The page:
BlackBerry’s (NASDAQ:BBRY) “bizarre” bidding process continues to drag on, but the CEO of Canadian pension fund, Alberta Investment Management, has at least stepped up to explain what is keeping the company on the auction block for so long, and what investors can expect for the future.
Chief Executive Officer Leo de Bever was the subject of an informative phone interview Monday, and clarified why BlackBerry is currently so hard to value, and why the company has faced such a struggle to find interested backers or financing for a buyout. BlackBerry’s biggest shareholder, Fairfax Financial Holdings, signed a preliminary $4.7 billion buyout deal earlier in September, but the company’s shares are well below the $9-a-share bid that Fairfax offered last month, and it is thus still unclear if it will officially sign off on the deal by the Nov. 4 deadline.
De Bever explained Monday that investors are predicting Fairfax will struggle to find a backer for its deal because it is now so difficult to value each of BlackBerry’s particular units and its worth as a whole. Though many companies would like to see BlackBerry stick together, a split may be the only way to effectively gauge its valuation, and thus may be inevitable. In addition, firms such as Alberta Investment need to see the value of the company’s units disclosed, and a business plan for developing those units in the future, but BlackBerry so far has been unwilling.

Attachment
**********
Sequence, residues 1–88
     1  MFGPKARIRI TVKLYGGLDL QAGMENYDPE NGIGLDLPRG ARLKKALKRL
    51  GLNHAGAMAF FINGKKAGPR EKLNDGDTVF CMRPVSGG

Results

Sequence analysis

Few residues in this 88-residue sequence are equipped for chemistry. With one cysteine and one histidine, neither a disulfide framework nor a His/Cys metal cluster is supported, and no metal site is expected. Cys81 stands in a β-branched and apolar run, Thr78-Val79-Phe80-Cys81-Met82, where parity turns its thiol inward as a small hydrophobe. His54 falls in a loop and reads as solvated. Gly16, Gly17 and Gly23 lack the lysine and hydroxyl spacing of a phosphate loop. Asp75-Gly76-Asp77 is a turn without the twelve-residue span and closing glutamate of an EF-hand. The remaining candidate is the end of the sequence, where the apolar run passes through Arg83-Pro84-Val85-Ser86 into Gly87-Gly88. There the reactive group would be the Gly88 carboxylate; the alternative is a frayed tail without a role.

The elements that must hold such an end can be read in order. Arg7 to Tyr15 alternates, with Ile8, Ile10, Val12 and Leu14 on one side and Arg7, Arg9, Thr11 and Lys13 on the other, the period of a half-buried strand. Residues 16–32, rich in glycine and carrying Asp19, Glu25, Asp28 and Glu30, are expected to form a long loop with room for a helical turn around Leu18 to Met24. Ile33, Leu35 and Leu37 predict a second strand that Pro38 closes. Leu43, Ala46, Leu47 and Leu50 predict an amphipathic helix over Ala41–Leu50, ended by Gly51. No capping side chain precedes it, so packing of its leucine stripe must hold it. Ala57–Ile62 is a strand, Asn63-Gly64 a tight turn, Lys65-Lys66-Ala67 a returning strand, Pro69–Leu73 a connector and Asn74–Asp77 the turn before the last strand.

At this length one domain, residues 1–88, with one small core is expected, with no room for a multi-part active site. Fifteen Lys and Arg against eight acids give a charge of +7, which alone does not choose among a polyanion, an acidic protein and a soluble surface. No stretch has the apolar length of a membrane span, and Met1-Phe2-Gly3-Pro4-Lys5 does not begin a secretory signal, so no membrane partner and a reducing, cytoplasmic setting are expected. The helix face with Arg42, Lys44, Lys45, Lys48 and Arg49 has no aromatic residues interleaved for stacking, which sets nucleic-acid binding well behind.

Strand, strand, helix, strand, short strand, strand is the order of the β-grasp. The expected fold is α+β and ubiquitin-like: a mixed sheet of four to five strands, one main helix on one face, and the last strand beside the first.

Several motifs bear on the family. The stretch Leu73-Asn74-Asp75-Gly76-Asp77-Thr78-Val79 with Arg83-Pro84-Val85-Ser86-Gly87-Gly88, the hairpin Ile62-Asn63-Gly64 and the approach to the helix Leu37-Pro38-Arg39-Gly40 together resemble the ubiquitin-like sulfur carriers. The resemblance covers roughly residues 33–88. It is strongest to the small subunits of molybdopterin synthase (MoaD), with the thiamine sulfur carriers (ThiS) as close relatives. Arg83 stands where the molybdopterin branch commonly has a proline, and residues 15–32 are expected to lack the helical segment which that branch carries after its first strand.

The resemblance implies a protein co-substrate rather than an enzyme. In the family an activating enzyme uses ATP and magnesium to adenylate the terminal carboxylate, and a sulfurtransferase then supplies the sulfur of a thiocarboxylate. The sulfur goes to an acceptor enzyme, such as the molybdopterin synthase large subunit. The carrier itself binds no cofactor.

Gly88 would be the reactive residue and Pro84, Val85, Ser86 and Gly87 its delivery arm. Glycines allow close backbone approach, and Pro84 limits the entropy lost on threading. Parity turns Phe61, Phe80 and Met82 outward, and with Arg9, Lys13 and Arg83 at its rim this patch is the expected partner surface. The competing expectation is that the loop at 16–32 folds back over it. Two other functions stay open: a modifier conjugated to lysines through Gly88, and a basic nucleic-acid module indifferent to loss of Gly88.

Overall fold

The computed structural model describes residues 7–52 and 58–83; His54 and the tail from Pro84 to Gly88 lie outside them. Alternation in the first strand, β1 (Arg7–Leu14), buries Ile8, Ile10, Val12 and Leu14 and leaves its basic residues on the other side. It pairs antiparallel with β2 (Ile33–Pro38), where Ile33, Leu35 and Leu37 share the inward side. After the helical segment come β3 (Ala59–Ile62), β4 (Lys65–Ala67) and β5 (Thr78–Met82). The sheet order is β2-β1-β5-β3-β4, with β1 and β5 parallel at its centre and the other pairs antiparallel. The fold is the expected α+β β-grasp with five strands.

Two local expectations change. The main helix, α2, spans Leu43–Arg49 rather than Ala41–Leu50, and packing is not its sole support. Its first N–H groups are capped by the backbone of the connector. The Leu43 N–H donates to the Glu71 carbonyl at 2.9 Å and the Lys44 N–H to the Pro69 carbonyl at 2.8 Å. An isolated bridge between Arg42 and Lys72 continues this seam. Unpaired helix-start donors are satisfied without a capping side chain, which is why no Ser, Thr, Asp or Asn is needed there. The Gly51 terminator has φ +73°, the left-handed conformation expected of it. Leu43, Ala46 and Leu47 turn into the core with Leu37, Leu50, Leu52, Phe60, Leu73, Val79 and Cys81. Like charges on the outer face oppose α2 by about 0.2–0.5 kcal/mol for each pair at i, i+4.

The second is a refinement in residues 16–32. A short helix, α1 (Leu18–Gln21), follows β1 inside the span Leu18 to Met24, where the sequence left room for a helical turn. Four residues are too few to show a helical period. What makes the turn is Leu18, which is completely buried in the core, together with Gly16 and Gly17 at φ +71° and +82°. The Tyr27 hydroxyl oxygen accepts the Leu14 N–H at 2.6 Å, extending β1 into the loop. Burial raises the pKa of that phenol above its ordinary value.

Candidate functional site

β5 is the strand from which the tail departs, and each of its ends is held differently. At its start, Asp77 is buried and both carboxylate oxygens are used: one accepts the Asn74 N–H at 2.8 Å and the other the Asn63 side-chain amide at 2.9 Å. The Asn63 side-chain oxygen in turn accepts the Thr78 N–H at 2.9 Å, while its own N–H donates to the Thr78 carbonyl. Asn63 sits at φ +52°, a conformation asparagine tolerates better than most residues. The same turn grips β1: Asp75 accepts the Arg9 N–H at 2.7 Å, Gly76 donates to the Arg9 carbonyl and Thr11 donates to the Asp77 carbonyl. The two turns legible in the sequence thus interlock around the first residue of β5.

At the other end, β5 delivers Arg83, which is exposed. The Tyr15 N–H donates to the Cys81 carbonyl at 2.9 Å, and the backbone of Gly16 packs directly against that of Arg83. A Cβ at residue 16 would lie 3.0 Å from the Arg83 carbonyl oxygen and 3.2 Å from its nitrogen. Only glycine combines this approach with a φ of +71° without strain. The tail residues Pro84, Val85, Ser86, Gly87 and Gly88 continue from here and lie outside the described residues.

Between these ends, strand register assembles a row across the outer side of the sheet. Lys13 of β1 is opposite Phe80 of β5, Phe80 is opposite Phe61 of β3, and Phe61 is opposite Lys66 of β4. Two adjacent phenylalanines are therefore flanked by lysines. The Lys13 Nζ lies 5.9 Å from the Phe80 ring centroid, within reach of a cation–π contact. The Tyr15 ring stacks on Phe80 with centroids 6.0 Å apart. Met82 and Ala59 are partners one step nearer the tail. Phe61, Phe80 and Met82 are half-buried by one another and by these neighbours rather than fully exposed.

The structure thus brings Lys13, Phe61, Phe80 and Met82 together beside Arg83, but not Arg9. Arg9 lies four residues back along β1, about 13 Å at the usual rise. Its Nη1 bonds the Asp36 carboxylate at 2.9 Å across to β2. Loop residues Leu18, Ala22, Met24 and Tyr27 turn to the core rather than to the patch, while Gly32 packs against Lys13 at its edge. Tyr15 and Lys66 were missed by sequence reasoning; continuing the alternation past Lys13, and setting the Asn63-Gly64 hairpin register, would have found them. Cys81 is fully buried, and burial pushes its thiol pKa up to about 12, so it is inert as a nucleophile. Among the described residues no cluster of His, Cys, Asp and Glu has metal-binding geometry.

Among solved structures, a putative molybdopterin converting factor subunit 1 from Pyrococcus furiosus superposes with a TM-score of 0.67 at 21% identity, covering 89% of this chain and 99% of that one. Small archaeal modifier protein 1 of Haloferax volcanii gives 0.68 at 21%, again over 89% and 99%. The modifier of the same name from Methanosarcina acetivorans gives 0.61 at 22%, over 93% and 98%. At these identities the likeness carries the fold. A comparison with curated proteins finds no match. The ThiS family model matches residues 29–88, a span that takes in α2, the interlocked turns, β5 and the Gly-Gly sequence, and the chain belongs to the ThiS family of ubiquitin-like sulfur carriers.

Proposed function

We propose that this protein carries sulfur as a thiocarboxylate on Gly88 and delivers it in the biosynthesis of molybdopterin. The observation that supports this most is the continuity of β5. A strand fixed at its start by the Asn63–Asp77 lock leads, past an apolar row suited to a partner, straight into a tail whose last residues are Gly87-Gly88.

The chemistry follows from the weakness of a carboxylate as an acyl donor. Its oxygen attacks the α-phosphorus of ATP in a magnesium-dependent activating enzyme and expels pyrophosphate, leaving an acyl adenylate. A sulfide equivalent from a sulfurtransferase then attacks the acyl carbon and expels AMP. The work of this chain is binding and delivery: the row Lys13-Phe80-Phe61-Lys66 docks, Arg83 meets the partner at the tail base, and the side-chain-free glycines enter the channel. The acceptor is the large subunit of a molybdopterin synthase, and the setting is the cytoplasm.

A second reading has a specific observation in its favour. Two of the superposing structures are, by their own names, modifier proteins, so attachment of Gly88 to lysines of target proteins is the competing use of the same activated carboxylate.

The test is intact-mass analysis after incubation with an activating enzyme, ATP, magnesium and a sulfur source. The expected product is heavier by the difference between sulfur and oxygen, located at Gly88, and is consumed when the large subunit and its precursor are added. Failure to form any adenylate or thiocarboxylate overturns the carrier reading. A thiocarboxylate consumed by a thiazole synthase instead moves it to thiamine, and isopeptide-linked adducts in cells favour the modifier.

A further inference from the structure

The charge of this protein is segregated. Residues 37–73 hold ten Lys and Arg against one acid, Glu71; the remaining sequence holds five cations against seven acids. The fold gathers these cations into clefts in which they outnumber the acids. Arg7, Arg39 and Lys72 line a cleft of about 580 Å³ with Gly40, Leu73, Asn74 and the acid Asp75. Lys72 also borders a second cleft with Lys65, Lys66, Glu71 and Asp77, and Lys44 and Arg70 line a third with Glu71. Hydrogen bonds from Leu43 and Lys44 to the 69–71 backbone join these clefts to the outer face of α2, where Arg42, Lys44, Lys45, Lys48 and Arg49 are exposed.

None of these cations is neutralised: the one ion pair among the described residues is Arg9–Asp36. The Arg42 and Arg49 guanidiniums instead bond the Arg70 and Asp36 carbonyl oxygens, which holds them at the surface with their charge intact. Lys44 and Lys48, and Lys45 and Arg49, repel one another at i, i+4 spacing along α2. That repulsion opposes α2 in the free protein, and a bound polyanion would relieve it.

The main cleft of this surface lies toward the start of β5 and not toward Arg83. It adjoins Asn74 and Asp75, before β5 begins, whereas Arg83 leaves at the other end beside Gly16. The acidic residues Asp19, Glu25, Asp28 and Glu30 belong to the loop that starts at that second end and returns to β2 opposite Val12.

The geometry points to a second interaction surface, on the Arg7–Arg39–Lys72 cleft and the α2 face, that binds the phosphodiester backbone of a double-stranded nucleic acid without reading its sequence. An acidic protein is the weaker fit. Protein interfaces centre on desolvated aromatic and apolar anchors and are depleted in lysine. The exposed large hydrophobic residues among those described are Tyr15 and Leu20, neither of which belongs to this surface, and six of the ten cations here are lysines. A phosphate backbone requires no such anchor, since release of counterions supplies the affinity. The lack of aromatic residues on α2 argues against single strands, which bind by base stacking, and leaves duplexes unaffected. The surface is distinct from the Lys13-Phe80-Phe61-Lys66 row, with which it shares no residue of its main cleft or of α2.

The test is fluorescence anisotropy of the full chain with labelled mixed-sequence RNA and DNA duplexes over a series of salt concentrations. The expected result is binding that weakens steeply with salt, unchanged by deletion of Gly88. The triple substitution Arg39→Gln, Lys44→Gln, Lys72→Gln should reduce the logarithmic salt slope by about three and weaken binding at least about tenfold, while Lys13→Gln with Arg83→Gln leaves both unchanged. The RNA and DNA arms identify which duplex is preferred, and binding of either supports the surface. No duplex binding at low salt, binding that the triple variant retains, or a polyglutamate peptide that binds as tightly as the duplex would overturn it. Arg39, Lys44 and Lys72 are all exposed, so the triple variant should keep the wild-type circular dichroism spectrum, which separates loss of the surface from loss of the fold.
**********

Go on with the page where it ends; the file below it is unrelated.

When asked for a comment, a BlackBerry spokeswoman only maintained in an email statement, “We do not intend to disclose further developments with respect to the process until we approve a specific transaction or otherwise conclude the review of strategic alternatives.” Thus, many investors believe that a breakup is the only thing in the cards for BlackBerry, but certain pension funds are only interested in a BlackBerry investment if private equity investors are also in the equation.
According to Bloomberg, Alberta Investment, or Aimco, would be one of those willing to consider an investment in the Waterloo, Ontario-based company, but it wants assurance that a strategic buyer is involved, and one that understands the values of the company’s units and a plan for the future.
He explains that, “We were looking at the individual assets because that’s how you understand the whole company. But it doesn’t necessarily mean that we want to take a carving knife to BlackBerry. The odds are that’s what’s probably going to happen.”
So far, though, the only company that has vocalized an interest in BlackBerry is Fairfax, although there were murmurings last week of a potential Cerberus Capital Management LP bid. Reports noted that the firm wants to sign a confidentiality agreement with BlackBerry so it can gain access to its additional financial data before it moves forward with planning, but those rumors have remained unconfirmed, and it is still thus unclear whether BlackBerry is really willing to let any potential company delve into its financial portfolio.
Soon, if more interest doesn’t pop up, BlackBerry may have no choice but to more clearly illuminate what it’s working with, but for now, it seems as though the struggling Canadian smartphone company would like to keep its financial situation under wraps.
Investing Insights: Can BlackBerry Be the Stock It Once Was?